Testing in the classroom

Hi everyone,

My son is in the public school pre-K and has been tested in the classroom by the school nurse for the last year. (He’s 3, diagnosed at 2.) The school now wants him to go to the nurse’s office for testing which we oppose. The school superintendent denied our request and we plan to go to the Board of Ed. My questions for all of you are (as we prep material for the Board):

  • On average how much classroom time has your child missed from going to the nurse for testing?
  • What is the practice at your school if a student is too young to self-manage?
  • Why do you think it’s important for a child to be tested in the nurse’s office?

Also, if anyone knows of any child psychologists or social workers who can provide information on this topic that would be greatly appreciated,


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My son is older now so he self manages and he was diagnosed at age 7. But when he was younger he did go to the nurse’s office. I approximate he missed about 20 minutes of class time per day and 5-10 minutes of lunch/recess

My impression of WHY they want someone to test anywhere else usually has to do with fears about exposure to blood. My question is, does the classroom have a sink? If so, they really won’t have a leg to stand on in this kerfuffle.

From my own experience as an adult, I was going to a dermatological clinic to get ultraviolet treatments for psoriasis. I heard from one of the nurses that there was now a policy that blood testing has to be done in the bathroom.

I asked to talk to the person who was responsible for the new policy in the office. Going somewhere else to find out that my blood glucose is 28 is dangerous. Pure and simple. I was so upset that I said I would seek that person out the next time I was there (I took the bus there). The next time I was there, I was told that the policy wouldn’t apply to me, so I never felt the need to pursue it.

It is really a question of safety for the diabetic. There are times when going somewhere else to test puts them in danger of passing out from low blood glucose. It is literally part of medical treatment. Correcting without testing is dangerous, too.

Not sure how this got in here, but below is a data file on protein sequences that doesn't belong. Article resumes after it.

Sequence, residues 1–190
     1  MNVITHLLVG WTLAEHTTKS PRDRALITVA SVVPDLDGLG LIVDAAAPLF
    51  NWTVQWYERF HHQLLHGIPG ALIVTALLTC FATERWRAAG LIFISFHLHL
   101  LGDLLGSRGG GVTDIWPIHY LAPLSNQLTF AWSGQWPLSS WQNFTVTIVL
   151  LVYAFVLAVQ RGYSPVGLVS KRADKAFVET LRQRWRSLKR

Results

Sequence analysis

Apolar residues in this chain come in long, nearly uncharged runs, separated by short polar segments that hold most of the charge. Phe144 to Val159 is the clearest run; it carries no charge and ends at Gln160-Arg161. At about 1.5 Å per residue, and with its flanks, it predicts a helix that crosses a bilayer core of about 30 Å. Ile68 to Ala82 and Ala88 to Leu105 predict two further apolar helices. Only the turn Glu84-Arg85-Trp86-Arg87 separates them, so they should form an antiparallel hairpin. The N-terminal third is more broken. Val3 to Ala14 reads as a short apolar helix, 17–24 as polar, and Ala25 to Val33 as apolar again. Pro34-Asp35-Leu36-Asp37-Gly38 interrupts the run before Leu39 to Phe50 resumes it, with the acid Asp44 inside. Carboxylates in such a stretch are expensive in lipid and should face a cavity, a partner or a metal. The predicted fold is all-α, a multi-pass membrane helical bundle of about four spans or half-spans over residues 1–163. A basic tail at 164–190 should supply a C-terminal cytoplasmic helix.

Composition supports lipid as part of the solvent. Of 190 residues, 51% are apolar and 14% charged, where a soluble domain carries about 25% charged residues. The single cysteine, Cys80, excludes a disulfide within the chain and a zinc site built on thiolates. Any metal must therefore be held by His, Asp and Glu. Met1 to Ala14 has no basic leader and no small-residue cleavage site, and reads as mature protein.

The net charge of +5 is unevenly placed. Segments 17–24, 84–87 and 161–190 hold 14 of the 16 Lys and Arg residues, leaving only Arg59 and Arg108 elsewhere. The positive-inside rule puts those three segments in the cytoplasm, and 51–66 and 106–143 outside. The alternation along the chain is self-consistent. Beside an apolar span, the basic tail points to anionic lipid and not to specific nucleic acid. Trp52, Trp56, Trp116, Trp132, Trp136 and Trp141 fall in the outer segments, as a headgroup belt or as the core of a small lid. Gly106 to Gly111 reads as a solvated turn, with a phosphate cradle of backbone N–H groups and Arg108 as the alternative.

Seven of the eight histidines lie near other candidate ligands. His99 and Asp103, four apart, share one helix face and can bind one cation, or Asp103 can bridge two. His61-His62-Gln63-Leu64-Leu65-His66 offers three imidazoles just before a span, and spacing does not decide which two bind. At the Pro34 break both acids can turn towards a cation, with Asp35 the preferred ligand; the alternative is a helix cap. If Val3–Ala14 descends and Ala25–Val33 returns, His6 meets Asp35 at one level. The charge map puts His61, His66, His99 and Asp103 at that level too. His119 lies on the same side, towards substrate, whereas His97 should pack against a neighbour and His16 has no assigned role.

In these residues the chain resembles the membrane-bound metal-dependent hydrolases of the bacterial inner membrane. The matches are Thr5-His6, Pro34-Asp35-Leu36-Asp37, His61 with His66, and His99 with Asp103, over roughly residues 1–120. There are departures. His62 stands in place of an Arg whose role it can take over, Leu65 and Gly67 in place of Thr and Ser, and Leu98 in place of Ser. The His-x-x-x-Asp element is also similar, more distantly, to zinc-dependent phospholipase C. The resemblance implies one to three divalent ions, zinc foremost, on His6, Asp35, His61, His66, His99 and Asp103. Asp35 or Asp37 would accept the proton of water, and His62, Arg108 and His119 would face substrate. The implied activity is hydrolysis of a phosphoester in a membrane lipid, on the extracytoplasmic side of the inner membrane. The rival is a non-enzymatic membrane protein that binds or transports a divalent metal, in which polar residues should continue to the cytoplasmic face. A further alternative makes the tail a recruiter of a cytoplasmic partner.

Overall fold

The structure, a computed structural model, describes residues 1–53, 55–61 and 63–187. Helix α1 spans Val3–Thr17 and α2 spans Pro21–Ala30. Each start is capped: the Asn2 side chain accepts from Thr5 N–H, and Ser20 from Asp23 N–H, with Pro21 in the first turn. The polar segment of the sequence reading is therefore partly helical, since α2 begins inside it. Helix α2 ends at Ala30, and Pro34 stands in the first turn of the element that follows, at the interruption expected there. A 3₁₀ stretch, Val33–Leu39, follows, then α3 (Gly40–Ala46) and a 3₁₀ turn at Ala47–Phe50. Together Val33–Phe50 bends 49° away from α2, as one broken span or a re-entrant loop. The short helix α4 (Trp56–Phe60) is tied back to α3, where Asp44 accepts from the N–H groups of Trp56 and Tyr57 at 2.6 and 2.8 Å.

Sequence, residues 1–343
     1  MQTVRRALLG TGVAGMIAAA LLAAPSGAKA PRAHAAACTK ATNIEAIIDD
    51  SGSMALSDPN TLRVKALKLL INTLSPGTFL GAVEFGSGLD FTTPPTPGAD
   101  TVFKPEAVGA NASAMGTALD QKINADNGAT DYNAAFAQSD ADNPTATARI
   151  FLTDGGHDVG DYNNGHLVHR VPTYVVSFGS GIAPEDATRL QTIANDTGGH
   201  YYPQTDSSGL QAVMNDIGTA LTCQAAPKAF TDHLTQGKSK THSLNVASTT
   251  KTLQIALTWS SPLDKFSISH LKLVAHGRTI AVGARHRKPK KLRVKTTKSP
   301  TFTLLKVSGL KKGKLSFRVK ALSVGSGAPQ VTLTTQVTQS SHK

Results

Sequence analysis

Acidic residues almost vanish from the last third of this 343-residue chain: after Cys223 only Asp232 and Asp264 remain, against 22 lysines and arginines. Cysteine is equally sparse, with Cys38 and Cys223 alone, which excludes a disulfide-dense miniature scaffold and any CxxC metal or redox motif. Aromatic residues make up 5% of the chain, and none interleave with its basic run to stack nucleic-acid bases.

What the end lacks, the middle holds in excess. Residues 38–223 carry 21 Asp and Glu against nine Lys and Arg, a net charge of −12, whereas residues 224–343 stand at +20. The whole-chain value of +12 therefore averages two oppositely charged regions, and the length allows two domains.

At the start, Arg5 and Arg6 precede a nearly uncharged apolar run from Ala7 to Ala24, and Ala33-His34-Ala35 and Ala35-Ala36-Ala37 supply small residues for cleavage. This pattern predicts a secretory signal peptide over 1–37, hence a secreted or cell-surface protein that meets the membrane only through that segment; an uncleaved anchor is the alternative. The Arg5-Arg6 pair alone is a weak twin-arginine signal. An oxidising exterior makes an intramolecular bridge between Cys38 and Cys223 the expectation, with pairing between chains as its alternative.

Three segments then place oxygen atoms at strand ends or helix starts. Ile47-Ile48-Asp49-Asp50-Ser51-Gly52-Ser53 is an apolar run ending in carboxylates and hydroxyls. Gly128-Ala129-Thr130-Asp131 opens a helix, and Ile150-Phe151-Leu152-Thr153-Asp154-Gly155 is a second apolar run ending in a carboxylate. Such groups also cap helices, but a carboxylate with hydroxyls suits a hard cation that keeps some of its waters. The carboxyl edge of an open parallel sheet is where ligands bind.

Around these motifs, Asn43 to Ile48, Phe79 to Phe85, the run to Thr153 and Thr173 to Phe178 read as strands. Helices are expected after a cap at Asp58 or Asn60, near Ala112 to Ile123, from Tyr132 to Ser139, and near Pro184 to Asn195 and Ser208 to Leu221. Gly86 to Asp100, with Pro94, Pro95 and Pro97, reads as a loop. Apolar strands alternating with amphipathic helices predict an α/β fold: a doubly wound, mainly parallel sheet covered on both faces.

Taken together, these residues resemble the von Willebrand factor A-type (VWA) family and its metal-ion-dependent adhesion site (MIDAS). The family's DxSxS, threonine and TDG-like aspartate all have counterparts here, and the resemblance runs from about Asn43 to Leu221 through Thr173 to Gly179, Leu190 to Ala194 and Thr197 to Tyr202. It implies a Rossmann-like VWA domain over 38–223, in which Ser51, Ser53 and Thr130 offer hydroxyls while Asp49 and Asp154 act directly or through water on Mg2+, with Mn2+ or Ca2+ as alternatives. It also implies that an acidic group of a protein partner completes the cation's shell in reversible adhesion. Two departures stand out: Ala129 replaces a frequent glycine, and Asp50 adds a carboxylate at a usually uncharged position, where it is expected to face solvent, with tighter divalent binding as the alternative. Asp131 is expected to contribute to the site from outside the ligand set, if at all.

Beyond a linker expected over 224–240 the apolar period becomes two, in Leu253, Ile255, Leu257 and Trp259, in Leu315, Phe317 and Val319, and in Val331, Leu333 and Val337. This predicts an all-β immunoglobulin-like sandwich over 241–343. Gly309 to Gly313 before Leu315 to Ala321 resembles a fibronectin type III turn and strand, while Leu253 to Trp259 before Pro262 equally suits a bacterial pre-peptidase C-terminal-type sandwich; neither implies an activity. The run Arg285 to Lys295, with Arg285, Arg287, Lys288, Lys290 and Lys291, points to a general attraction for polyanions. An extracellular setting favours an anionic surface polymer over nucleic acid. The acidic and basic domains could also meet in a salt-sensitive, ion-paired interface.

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The reson has little to do wiht your child and the otehrsint he school. THe strong preferance for many schools (certianily the ones I worked with) was that the nurse remin in the office to the maximum extent possibile. The reson is that when an ill perosn in the building needs help they coem to the nurses office. If the nurse is out, this means that emmergancy care can be delayed.

Suppose your child went low and a sub were inthe room, where is she instruted to take him? To the nurse of course. In a building there may be dozens of medical conitions many of which you are likely not aware of. Yes as parents we think first of our own child, but the school has to think of all of them. It is unlikely they coudl tell you if such an event has occured.

If youare interested in discussing this situation with an attorney trained in this type of law, check with the local ADA office and ask for the legal advocacy contact. They will be able to advise on all matters related to ADA and local legislation. The service is free and they are very good.



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I’m a huge believer in in-class testing, whether it be done by trained staff (including teachers) or by the children themselves. I cannot even begin to estimate the amount of time my daughter missed from class before her 504 plan made her “independent”. I’m sure her grades suffered because of this (she is a TAG student and rarely got higher than a B- average before she remained in class for D-related tasks).

Do you want your child wander the school with a low?

And your point is ???

Does the school nurse come to the class room and than do the testing in the class or do the child have to go to the nurse?

If the child has to go to the nurse with a low then ???

OK, I’m following you now. Thanks for the clarification!